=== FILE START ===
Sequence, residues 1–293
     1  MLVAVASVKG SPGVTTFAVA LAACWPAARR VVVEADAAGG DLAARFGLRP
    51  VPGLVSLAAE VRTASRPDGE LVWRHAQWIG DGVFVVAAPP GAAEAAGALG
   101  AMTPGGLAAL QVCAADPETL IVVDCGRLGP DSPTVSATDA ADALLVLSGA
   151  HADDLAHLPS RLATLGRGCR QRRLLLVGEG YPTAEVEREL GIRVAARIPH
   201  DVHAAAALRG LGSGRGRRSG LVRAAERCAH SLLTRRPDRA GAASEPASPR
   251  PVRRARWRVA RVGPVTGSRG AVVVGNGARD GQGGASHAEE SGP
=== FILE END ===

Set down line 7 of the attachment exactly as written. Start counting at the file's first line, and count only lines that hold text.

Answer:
   251  PVRRARWRVA RVGPVTGSRG AVVVGNGARD GQGGASHAEE SGP